Growing up in South Wales in the 1970’s, there was always great excitement towards the end of February as we prepared for Saint David’s Day on the 1st March. The morning of St David’s Day, we would dress in traditional welsh costume, which smelt unpleasantly of moth balls, and head to school like a procession of Diddy Men.


The girls wore a red dress with a grey checked apron, a shawl and the outfit was finished off with a headdress, which was made up of a (not easily worn) black top hat with lace night cap combo, accessorised with a pinned-on daffodil just in case anyone was unsure we were Welsh. The boys were dressed in their usual clothes, but instead of a daffodil had, and the bigger the better, an uncooked leek pinned to their jumper or coat. (St David’s monks lived off water and leeks – for more about St David see below.)

There were no lessons on St David’s Day; instead we all congregated in the hall for our school equivalent of the Eisteddfod which is an event celebrating the culture and language of Wales. We’d been learning our poems, dances and songs since the previous performance a year ago, but being on stage and staring at 100’s of tall ‘black traffic cones’ often resulted in stage fright so performances were regularly flaky!

The main problem with the morning was that, as primary school children, we’d all learnt the same thing, so after an hour, boredom had really set in. The boys would start eating their leeks and the girls would twitch and turn, trying to get one of the boys to share a bit of their oniony fare. The next child or group would be called to the stage, where it seemed the more you flailed your arms and spat the words at the audience, the greater the score you got. After just 2 hours, the smell of leeks had started to cause the younger children to faint – or perhaps that was their creative way of leaving – and caused the teachers to check their watches every 5 minutes to make sure they were still working. And yet the main excitement was still to come – the national anthem followed by a half-day holiday. I always thought this was to celebrate the tradition of St David, but I now think it was because the leek fumes had reached near fatal levels.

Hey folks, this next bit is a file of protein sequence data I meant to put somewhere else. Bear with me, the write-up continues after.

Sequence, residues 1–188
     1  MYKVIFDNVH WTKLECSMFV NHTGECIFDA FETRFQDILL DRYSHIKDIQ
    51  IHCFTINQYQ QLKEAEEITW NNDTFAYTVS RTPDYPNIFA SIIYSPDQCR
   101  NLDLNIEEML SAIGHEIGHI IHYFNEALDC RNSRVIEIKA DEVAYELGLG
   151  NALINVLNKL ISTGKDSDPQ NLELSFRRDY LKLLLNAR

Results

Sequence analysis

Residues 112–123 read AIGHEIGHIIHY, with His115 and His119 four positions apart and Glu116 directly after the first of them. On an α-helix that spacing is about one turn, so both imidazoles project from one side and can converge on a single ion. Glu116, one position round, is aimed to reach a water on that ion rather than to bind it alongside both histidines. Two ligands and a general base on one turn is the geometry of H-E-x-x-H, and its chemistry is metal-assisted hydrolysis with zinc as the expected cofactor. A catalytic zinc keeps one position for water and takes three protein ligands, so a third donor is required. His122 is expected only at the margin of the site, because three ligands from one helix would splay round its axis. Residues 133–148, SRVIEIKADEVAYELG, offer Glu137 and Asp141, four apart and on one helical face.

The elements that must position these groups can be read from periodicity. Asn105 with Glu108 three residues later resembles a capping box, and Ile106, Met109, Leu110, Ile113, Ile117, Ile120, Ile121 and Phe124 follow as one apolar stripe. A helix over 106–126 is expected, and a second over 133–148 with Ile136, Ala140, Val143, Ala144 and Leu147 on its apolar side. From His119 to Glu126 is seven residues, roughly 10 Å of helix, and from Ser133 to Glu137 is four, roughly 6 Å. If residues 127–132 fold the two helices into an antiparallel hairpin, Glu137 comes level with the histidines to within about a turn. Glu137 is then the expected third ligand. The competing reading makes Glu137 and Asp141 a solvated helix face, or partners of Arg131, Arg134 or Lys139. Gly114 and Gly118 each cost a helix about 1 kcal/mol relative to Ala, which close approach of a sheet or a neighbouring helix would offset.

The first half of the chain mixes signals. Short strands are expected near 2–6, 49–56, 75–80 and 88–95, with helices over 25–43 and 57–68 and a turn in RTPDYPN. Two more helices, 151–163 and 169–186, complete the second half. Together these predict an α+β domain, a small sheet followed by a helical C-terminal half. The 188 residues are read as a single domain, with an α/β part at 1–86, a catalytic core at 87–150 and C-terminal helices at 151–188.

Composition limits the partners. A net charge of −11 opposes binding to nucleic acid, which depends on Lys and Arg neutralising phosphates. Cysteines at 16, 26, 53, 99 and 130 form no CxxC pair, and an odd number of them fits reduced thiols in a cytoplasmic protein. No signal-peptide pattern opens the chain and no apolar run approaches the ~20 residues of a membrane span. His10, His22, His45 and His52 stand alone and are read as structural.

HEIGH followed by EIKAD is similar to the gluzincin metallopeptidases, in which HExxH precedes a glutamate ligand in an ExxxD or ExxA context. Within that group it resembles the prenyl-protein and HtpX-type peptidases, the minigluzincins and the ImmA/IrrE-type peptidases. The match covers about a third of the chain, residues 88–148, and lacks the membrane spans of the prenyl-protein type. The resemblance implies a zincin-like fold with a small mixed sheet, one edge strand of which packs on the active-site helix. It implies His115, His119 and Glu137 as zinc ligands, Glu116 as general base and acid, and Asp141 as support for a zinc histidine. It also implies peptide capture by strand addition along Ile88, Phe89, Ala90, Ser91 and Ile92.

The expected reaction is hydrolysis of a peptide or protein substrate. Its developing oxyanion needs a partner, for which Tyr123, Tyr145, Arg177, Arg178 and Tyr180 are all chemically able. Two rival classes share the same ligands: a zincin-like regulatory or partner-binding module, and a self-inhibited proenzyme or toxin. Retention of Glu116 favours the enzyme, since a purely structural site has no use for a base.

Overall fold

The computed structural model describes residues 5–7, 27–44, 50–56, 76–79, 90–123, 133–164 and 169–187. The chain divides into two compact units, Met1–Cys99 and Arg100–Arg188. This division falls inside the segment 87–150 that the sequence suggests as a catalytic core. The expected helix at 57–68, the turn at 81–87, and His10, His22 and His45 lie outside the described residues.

So, imagine my shock when moving to England in January, aged 10, when I discovered that not only did they not have a half day on the 1st March (I naively assumed traditions were global and the whole world was doing the same as Wales), but on their patron saint’s day, we did nothing! No poems to learn, no prancing around, no dressing up, no eating of a raw vegetable, no half day . . . no tradition. Suddenly, I missed the event of getting costumes down from the attic, the daffodil and leek pinning (my dear brother still has the scar from the heavily thrusted nappy pin), the excitement of getting dressed up and the soon-to-be holiday time.

The importance of traditions were now clear to me. And then it hit me . . . oh no . . . what if the English didn’t do Christmas?!

St David was born sometime between 462 and 515 AD, to Non and Sant, the Prince of Powys. He was actually named Dewidd, or Dewi to the locals, but was baptised David. Educated at a monastery, he became a missionary, spreading Christianity. He was a renowned preacher, founding monastic settlements and churches in Wales, Brittany and south-west England. He visited Glastonbury to rededicate the abbey and donated a travelling altar that included a great sapphire which was unfortunately stolen about 1,000 years later. He and his monks led a very simple and austere life, living off only leeks and water. They even refused to use oxen to plough their fields, preferring to do it by hand. His last words to his followers came from a sermon he gave on the previous Sunday: 'Be joyful, keep the faith, and do the little things that you have heard and seen me do.' The phrase 'Gwnewch y pethau bychain' - 'Do the little things' - is still well-known in Wales. He apparently lived for more than 100 years and died on 1st March 589 - hence St David's Day.

By Helen Stephens March 2022